(continued from the previous post)
In some cases, these sources say, the administration has even sought to “reclassify” some material that was already discussed in public testimony—a move one Senate staffer described as “ludicrous.” The administration’s stand has infuriated the two members of Congress who oversaw the report—Democratic Sen. Bob Graham and Republican Rep. Porter Goss. The two are now preparing a letter of complaint to Vice President Dick Cheney.
Lotsa luck, guys.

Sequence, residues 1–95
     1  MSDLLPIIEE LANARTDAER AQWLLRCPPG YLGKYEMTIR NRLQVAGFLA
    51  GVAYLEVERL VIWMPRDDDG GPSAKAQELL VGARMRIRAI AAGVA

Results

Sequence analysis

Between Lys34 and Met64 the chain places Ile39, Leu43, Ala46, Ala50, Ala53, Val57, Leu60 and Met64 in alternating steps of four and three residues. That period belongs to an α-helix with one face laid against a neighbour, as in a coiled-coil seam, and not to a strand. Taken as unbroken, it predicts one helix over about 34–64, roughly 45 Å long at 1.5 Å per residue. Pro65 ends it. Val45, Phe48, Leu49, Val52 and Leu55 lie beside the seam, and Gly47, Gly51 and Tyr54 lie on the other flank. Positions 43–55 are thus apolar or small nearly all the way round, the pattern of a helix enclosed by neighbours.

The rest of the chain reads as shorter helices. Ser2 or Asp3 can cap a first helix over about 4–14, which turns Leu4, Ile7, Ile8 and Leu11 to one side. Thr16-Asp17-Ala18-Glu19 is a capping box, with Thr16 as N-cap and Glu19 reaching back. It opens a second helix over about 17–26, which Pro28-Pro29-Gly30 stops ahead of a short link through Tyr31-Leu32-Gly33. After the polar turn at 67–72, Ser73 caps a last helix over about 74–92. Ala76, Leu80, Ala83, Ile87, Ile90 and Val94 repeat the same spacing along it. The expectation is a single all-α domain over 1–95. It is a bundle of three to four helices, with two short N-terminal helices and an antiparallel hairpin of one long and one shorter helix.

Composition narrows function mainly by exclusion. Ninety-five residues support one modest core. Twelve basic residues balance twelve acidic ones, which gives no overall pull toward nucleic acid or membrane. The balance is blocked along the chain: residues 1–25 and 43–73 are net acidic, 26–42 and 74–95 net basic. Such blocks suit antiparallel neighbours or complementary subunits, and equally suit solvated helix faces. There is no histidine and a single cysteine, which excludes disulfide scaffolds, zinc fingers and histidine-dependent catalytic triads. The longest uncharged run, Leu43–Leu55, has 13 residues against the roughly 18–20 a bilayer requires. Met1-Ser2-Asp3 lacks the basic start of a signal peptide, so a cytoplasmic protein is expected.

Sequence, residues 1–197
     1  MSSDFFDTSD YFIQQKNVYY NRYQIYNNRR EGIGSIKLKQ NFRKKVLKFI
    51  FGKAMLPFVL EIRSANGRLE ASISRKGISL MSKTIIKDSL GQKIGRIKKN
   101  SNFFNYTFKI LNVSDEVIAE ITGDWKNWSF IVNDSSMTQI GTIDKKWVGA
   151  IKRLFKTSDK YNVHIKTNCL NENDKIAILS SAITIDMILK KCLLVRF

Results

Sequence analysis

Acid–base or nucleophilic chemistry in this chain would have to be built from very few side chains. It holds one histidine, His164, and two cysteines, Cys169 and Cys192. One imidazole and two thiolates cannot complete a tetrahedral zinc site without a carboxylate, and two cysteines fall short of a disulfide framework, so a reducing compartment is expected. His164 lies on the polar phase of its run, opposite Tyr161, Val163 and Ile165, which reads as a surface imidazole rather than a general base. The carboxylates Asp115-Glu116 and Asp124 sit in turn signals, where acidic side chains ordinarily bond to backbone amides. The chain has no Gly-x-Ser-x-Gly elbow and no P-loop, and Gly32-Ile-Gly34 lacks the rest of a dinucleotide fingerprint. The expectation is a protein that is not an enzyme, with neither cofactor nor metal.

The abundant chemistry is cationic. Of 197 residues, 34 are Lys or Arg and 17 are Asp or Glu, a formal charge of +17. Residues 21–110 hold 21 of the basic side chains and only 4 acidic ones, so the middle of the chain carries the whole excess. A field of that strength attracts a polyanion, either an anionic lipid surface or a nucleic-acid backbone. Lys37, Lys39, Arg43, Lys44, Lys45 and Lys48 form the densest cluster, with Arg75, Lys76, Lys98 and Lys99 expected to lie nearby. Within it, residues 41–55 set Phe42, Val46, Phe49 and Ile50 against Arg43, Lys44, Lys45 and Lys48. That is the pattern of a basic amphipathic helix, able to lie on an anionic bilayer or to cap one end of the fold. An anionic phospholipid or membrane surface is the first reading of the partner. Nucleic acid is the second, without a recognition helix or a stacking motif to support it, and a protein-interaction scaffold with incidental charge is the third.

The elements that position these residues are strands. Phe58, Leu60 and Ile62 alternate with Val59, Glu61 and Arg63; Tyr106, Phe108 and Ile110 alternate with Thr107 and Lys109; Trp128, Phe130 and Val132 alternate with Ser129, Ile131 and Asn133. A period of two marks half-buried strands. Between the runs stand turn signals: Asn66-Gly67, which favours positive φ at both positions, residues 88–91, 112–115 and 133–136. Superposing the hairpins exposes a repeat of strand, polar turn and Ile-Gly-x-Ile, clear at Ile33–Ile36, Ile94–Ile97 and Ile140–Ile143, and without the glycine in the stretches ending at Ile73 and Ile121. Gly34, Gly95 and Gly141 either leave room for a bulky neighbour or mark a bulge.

The administration’s tough stand, some sources say, doesn’t augur well for the National Commission on Terrorist Attacks—which is conducting its own investigation into the events of 9-11. Already, flaps have developed on that front, as well. When one commissioner, former congressman Tim Roemer, last week sought to review transcripts of some of the joint inquiry’s closed-door hearings, he was denied access—because the commission staff had agreed to a White House request to allow its lawyers to first review the material to determine if the president wants to invoke executive privilege to keep the material out of the panel’s hands.
As Bush travels to New York to exploit 9/11 for his re-election bid, never forget that he doesn't want you to know what he knew, when he knew it, and what, if anything, he did to prevent it.
(via Democratic Veteran)